Costa Mesa, Calif., Oct. 27, 2016 — With the economy rebounding and the average national credit score on the rise, many consumers are coming back from harder times, dusting themselves off and re-entering the mortgage market with a fresh perspective and a cleaner slate. Foreclosures, short sales and bankruptcies remain on a credit report for seven years, which means these items are due to fall off the credit files of 2.5 million consumers between June 2016 and June 2017. Experian’s latest analysis shows that 68 percent of these consumers are scoring in the near-prime or higher credit segments. The opportunity for this group to qualify for mortgage loans is growing.
The study takes a closer look at these potential borrowers and explores the consumers who foreclosed or short-sold between 2007 and 2010 and have since opened a new mortgage. These “boomerang borrowers” are showing responsible credit behaviors, have improving credit scores and are current on their debts. The research shows that the people in the short-sale category are rebounding at a higher rate than those who foreclosed, and are making their payments on time. Some highlights:
• Nearly 29% of those who short-sold between 2007 and 2010 have opened a new mortgage.
o Just 1.5% of this short-sale group is delinquent* on their mortgage, falling below the national average of 2.8%.
o These borrowers are doing well when it comes to making their auto loan payments on time. The average for delinquency on auto loans for this group is 1.2%, compared with the national average of 2.2%.
o At 3%, delinquencies on bankcards for this group are lower than the national average of 4.3%. For retail cards, delinquencies are 2.7%, on par with the national average.
• More than 12% of those who foreclosed have now boomeranged (opened new mortgages) and are showing positive signs when it comes to credit management.
o Just 3% of this group are delinquent on their mortgage.
o They also are just below the national average when it comes to delinquency rates, at 1.9% on auto loans.
o Their bankcard delinquency rates are a little higher at 4.1% (just below the national average), yet they have a slightly higher delinquency rate for retail cards at 3.5%.
“With millions of borrowers potentially coming back into the housing market, the trends that we’re seeing are promising for both the mortgage seeker and the lender,” said Michele Raneri, vice president of analytics and new business development at Experian. “In the coming years, boomerang borrowers will be a critical segment of the real-estate market. While many of these borrowers have gone through a very difficult time, it is encouraging to see them taking control of their finances with better credit scores and all-around better credit management.”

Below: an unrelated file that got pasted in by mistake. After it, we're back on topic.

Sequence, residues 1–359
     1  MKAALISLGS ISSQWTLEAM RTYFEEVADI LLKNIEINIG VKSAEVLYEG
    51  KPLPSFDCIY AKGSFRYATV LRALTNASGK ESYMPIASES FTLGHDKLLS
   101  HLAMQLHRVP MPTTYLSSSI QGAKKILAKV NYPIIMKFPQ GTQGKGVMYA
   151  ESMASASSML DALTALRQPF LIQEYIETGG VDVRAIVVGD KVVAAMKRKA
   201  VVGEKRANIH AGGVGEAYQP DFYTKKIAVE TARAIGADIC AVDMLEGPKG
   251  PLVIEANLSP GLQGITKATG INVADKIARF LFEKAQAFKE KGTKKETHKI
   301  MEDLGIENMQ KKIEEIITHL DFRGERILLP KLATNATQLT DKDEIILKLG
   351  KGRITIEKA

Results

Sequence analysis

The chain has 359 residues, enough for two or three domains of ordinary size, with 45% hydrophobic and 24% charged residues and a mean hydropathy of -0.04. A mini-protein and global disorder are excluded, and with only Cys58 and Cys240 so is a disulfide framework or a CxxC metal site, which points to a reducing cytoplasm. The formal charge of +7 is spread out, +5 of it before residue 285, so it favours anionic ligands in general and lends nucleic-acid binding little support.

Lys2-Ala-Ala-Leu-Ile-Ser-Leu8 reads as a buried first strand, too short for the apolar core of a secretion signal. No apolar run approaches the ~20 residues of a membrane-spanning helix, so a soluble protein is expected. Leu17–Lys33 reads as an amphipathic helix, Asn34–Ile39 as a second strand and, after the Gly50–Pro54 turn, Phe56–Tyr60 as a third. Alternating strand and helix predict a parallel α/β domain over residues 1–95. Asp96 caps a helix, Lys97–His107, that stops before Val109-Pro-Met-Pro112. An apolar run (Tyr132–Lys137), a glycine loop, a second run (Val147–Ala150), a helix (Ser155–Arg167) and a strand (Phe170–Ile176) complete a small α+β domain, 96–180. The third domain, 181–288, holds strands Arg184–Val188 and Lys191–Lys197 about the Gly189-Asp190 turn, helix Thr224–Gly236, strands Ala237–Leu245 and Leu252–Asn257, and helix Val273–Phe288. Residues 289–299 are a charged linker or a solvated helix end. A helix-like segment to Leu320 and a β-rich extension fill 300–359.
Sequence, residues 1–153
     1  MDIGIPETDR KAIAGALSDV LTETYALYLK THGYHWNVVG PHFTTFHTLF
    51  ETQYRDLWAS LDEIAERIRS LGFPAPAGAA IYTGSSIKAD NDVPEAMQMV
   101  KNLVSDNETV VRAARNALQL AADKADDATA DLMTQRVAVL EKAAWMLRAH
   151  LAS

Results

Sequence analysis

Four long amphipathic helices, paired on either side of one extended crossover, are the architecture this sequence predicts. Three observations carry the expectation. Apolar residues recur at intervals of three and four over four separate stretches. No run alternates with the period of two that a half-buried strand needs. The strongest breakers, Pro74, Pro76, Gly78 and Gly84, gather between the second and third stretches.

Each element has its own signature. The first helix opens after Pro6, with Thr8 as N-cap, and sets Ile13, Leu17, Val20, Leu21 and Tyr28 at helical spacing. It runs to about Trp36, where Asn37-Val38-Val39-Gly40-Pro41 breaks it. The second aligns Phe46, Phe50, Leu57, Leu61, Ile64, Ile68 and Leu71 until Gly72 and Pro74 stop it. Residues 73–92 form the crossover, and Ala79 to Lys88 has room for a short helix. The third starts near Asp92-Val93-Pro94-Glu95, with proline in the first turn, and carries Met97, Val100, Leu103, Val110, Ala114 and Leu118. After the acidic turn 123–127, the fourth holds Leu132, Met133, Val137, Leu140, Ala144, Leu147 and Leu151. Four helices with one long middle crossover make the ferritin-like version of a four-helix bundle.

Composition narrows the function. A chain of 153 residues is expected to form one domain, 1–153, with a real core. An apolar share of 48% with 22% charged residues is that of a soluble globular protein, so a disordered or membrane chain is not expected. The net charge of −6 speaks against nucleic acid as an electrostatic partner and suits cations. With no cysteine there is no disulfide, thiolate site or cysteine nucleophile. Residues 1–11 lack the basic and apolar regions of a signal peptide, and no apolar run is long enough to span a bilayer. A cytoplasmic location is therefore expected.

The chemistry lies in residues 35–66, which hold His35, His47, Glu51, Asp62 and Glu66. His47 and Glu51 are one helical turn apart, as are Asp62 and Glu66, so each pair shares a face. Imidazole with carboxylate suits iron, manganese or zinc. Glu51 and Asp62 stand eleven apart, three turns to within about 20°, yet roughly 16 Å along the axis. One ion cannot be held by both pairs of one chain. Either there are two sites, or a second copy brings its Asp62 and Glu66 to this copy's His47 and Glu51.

The VantageScore® credit scores of the boomerang buyers have climbed significantly since their foreclosures and short sales, even surpassing the scores they had prior to the negative event. The chart below illustrates these trends:
Foreclosure and short-sale population VantageScore® trends
|VantageScore||Credit score increase from the time of event to after the event||Increase of credit score from time of event to after the event|
|Before the event**
||At the time of the event||After the event|
• The consumers who previously had a foreclosure and have subsequently opened a mortgage (or boomeranged) have an average credit score of 680 (an increase of 20.8% compared with the scores at the time of foreclosure).
• The consumers who previously had a short sale and have subsequently opened a mortgage (or boomeranged) have an average credit score of 706 (an increase of 16.5% compared with the scores at the time of short sale).
The study also segmented cities throughout the country by boomerang buyers in both the foreclosure and the short-sale category. Los Angeles, Calif.; Phoenix, Ariz.; and Sacramento, Calif., have the largest number of these buyers.
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*For this study, delinquency is defined as 60 days or more past due.
** the score before the event represents the year- end before the year of the foreclosure or short sale
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